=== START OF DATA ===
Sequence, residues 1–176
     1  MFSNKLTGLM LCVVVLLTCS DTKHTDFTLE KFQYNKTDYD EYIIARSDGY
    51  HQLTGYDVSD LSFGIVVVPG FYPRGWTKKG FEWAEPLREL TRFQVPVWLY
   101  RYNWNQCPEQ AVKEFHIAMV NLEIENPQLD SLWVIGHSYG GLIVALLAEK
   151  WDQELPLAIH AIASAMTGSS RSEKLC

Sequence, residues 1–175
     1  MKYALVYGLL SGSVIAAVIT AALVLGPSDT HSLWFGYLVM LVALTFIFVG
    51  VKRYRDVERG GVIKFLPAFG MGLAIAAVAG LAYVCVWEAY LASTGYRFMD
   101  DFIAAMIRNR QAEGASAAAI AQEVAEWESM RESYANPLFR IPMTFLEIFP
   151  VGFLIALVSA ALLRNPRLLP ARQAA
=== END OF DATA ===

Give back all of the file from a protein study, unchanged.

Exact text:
Sequence, residues 1–176
     1  MFSNKLTGLM LCVVVLLTCS DTKHTDFTLE KFQYNKTDYD EYIIARSDGY
    51  HQLTGYDVSD LSFGIVVVPG FYPRGWTKKG FEWAEPLREL TRFQVPVWLY
   101  RYNWNQCPEQ AVKEFHIAMV NLEIENPQLD SLWVIGHSYG GLIVALLAEK
   151  WDQELPLAIH AIASAMTGSS RSEKLC

Sequence, residues 1–175
     1  MKYALVYGLL SGSVIAAVIT AALVLGPSDT HSLWFGYLVM LVALTFIFVG
    51  VKRYRDVERG GVIKFLPAFG MGLAIAAVAG LAYVCVWEAY LASTGYRFMD
   101  DFIAAMIRNR QAEGASAAAI AQEVAEWESM RESYANPLFR IPMTFLEIFP
   151  VGFLIALVSA ALLRNPRLLP ARQAA